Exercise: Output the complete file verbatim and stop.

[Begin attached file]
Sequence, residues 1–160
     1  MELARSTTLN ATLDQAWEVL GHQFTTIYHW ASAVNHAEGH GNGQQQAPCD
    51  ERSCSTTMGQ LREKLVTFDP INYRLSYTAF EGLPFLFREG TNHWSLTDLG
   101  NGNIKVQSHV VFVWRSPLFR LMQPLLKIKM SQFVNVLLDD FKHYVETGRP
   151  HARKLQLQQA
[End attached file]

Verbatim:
Sequence, residues 1–160
     1  MELARSTTLN ATLDQAWEVL GHQFTTIYHW ASAVNHAEGH GNGQQQAPCD
    51  ERSCSTTMGQ LREKLVTFDP INYRLSYTAF EGLPFLFREG TNHWSLTDLG
   101  NGNIKVQSHV VFVWRSPLFR LMQPLLKIKM SQFVNVLLDD FKHYVETGRP
   151  HARKLQLQQA